Tapestry refuses to be easily and clearly defined. About the only thing that can be said with absolute certainty is that what we know as tapestry weaving is one of the oldest forms of weaving, and remains popular today.
Tapestry is usually weft-faced, made by weaving weft threads, often coloured, through warp threads, often plain, in such way that the weft completely covers the warp. The weft is discontinuous: most weft threads do not run across the entire warp, instead wefts of different colours are woven back and forth to create the areas of colour required by the design. The tapestry warp is held on a frame of some sort; some tapestry weavers work on floor looms designed to weave cloth.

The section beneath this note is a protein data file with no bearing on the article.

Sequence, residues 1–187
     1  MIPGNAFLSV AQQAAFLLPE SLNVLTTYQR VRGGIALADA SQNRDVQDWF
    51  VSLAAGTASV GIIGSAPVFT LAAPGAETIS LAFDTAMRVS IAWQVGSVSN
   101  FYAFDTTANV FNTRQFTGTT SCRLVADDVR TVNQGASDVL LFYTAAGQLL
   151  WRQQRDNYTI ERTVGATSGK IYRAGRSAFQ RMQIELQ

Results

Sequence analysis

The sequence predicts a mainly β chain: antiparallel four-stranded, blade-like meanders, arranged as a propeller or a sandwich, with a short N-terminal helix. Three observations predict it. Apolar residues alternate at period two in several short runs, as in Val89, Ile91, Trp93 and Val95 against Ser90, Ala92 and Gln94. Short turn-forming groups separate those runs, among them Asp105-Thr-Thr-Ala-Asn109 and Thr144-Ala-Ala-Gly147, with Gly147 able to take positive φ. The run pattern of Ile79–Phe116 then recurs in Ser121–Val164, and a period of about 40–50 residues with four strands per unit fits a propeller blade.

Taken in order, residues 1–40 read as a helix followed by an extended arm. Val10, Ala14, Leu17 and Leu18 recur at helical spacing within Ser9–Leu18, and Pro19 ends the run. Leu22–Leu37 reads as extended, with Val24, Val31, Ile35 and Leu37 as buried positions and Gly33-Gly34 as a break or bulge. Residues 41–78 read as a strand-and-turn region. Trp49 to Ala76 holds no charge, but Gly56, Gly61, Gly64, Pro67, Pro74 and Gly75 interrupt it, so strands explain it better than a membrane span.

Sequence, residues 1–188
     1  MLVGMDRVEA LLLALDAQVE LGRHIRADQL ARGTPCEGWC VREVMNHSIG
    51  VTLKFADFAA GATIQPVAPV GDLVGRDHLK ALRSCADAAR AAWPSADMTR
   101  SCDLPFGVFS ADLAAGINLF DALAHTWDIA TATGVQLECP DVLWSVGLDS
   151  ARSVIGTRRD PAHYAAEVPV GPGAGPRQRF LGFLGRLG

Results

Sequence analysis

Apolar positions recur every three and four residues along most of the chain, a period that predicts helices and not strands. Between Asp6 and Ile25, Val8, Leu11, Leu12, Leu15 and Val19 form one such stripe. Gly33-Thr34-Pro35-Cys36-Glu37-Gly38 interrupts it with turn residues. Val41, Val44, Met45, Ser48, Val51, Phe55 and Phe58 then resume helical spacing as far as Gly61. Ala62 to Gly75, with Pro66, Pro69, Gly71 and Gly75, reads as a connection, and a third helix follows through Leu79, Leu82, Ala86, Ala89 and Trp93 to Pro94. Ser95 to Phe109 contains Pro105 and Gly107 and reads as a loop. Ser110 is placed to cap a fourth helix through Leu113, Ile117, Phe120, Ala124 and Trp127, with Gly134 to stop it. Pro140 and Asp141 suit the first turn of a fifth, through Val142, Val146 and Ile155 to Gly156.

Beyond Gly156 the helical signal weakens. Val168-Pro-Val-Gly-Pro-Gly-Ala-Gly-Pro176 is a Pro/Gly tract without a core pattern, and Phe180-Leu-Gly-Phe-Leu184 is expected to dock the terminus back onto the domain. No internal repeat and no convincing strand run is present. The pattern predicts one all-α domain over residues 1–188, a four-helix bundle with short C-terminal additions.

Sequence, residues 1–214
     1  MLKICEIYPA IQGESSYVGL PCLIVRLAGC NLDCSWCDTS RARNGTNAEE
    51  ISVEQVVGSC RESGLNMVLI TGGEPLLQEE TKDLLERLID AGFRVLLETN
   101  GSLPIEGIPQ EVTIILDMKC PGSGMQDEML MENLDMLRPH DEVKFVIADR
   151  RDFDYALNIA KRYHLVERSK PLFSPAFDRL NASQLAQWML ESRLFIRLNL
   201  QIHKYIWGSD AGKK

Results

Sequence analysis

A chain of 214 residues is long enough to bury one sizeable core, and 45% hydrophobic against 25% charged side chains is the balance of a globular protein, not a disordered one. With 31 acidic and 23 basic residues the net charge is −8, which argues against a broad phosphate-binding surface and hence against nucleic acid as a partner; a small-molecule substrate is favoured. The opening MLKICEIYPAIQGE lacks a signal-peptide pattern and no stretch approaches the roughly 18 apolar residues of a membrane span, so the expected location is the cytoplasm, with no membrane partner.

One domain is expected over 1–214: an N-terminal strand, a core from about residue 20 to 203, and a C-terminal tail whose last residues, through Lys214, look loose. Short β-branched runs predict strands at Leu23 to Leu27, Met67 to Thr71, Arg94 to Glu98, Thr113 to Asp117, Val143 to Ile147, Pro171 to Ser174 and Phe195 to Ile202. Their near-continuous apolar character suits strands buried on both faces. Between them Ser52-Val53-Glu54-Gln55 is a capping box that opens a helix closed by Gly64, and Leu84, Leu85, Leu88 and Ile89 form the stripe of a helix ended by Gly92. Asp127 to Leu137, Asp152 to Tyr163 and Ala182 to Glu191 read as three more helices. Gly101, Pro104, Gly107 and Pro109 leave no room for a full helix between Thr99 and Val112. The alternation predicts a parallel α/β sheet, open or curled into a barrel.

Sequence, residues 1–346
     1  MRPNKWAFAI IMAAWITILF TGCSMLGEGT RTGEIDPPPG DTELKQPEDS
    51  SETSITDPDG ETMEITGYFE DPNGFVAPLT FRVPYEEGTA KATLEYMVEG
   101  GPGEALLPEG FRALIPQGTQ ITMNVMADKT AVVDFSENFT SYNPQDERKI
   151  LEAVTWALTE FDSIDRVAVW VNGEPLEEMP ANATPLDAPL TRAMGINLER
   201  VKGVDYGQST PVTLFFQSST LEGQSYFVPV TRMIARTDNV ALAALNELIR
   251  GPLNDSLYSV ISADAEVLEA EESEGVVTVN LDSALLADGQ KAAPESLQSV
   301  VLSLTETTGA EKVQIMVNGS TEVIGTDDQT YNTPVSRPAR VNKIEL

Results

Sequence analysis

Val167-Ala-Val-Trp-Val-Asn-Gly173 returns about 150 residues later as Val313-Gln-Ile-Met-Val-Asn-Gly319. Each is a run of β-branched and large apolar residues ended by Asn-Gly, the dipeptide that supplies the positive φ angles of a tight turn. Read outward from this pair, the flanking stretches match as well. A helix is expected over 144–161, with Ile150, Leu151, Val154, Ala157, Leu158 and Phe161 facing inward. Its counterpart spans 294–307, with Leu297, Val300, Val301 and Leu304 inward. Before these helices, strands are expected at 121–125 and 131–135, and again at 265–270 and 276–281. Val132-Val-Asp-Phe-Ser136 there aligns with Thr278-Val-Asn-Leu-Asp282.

Linda’s weaving in progress on a large tapestry loom. Magnets hold the hand-drawn cartoon (the design to be woven) in place behind the warp.
In this workshop Linda will introduce you to the fundamentals of tapestry weaving. With a prepared warp on a wooden frame we will talk about warp tensioning and sett. You’ll learn one of the many ways to start (and finish) your woven work, and the importance of weft tension as you pass the weft thread and beat it into place on the weft. From this foundation you can begin to explore the vast world that is tapestry weaving.
A fragment of tapestry from the Coptic period in Egypt, c. AD600.
The weft threads can be passed back and forth through the tapestry warp in different ways. Soumak weave may be used to define the spaces between tapestry warp threads and/or create lines or areas of texture. Soumak may also be used for an entire piece, creating a thicker fabric traditionally used for bags.
A panel of late 19th century soumak tapestry worked in Georgia.
Photo credit: Marla Mallet.
An image of caribou worked in hand-dyed wools by Linda Porte.